Editing – WDYD Series

“I need an editor…”

Just like clients who request proofreading, some potential clients who use this statement aren’t sure what they are looking for in the editing process. Look at these clients for example who all asked for “proofreaders” and tell me which one actually requires an editor:

Client A says, “Document previously edited. Needs a final check of spelling and grammar.”

Client B says, “Document needs to be checked for spelling and grammar errors. The proofreader may rewrite sentences if needed for clarity.”

Client C says, “You need to check spelling, grammar, and rewrite unclear sentences. Please help maintain style through the writing. Fact-checking required as well.”

So which one is it? The client who needs an editor is Client B!

If you didn’t answer correctly, no worries. You’re here to learn. Client A requires proofreading (the context clue of “document previously edited” could have given that away!) and Client C does need an editor, but a copy editor is better for that purpose (more on that in another post!)

As I’ve said before, people believe proofreading, editing, and copyediting are the same thing. We’ve already covered what proofreading is, so now it’s time to tackle editing.

So, what is editing?

  1. Editing is reviewing and changing your writing. From the flow of your writing to sentence structure, editors can make significant changes to add or subtract sections of writing to improve your message and the quality of your work.
  2. Editing is done after at least the first draft is complete.
  3. Editing ensures the writing makes sense in the most concise, but best way possible. It’s not just enough to throw words on paper; those words must work together to create meaning.

Who should hire an editor?

  • Writers who are ready to kill their darlings, as Stephen King would say. Or as I would say less poetically, writers ready to cut out the excess.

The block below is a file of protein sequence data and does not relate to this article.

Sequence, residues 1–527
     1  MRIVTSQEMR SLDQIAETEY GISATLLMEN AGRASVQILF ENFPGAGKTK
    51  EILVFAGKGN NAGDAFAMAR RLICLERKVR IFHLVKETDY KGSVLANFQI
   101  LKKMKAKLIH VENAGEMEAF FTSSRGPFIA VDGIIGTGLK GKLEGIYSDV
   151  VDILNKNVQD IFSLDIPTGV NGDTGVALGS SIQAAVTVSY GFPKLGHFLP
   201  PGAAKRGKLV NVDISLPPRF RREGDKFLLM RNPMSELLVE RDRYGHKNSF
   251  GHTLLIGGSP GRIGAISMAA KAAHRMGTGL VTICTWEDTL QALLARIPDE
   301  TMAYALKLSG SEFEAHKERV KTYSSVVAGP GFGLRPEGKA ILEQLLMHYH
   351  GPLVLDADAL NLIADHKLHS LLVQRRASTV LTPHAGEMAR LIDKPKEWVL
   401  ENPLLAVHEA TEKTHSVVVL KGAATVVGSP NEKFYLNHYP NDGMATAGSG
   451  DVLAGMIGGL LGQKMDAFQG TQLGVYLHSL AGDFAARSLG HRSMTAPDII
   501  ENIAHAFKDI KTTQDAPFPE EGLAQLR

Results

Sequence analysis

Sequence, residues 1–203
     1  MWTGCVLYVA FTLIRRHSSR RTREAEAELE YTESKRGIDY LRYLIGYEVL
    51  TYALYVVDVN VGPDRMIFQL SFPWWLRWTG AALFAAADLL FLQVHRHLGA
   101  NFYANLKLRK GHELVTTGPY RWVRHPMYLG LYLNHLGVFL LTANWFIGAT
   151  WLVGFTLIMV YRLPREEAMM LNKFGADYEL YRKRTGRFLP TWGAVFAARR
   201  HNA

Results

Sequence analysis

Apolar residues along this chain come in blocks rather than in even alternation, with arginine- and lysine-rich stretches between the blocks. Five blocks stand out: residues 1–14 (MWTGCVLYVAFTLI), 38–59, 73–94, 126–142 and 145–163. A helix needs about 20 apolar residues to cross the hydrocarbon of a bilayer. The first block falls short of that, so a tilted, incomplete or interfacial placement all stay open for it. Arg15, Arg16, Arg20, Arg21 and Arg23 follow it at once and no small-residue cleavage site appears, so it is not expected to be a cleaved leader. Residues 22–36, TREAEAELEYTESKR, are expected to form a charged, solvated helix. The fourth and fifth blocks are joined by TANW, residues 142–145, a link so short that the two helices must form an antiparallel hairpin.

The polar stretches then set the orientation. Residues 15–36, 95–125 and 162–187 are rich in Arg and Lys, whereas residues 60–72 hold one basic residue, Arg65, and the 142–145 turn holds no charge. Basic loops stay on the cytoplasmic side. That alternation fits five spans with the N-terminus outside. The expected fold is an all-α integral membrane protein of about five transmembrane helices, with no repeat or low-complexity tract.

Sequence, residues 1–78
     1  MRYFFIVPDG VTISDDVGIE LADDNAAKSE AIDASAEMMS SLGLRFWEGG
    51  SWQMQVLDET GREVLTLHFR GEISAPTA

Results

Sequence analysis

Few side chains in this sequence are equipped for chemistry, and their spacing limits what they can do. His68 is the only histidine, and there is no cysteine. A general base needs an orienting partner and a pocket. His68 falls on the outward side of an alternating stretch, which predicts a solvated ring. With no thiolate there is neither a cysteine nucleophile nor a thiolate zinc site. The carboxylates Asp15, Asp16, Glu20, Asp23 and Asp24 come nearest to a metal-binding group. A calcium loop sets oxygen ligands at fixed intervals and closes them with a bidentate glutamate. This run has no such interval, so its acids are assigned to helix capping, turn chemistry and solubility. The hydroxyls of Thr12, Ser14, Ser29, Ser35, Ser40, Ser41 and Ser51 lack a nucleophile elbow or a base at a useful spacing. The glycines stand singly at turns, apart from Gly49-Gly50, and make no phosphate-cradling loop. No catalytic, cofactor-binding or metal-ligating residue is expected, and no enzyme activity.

• Writers who want to improve the overall quality and flow of their work.
  • Writers who aren’t afraid to listen to criticism and collaborate to revise their writing.

How does an editor work?

There are editors all over the world, and many of them work remotely. This is the greatest advantage of living in our digital age. With a click of a button, we can access editors ready to deconstruct and rebuild our writing.

An editor receives the draft and discusses with the writer how the two will work together. In my opinion, this is an important step! Some writers let editors have total control of the reins and work as needed, but other writers are adamant about keeping their work as close to their original wording as possible. The editor and writer must form a positive, close working relationship to fully understand each other. Otherwise, the writing and editing process will suffer.

Either working in chunks at a time (chapter by chapter) or as a whole, the editor revises according to the writer-editor agreement. The means in which editors/writers will edit and provide feedback should be agreed upon before starting the process.

What should I look for in my editor?

  • Experience is a must, but the execution is also important. Look through their portfolio and ask what their process is. You may have a well-known, experienced editor, but if you can’t agree with their process, move on. Your editor shouldn’t force your writing to be something you didn’t want it to be.
  • An avid reader. Those who read know what good writing is. But those who really read, and I mean REALLY read, know the difference between good writing and great writing. Ask what recent books or publications they have read in the same genre as your writing.
  • Someone who can make decisions on their own, but has great communication skills. Editors have a great responsibility and a lot of freedom in revising your writing. An editor should have no problem cutting away the bad and replacing it with something better without having to ask you about every single change. But an editor must also be able to listen to your feedback and incorporate that into the editing process. It’s a give and take relationship that should be fair to the editor (that’s what you’re paying them for!) but also to the writer (it’s your writing after all!).

Have you finally finished your novel? Congratulations! You’re a writer! But now are you ready to share it with the world? If you’re nervous about getting your book out for all to see, maybe you need to hire an editor to be that second pair of eyes.

Your editor will improve the flow and clarity of your writing. Your editor will be the first to catch obvious errors in sentence structure and may revise whole sections of your work that may be ambiguous to your readers. Think of it like a gemstone. If you as the writer found the stone, then your editor is the one who cuts, sands, and polishes it.

If you have a diamond in the rough and want to show it off to the world, I would love to help cut and polish it so it can truly shine!

 

This is part of the What Do You Do series.

For more posts in this series, check out:

CV + Resume Writing and Editing

Proofreading

Editing

Copyediting

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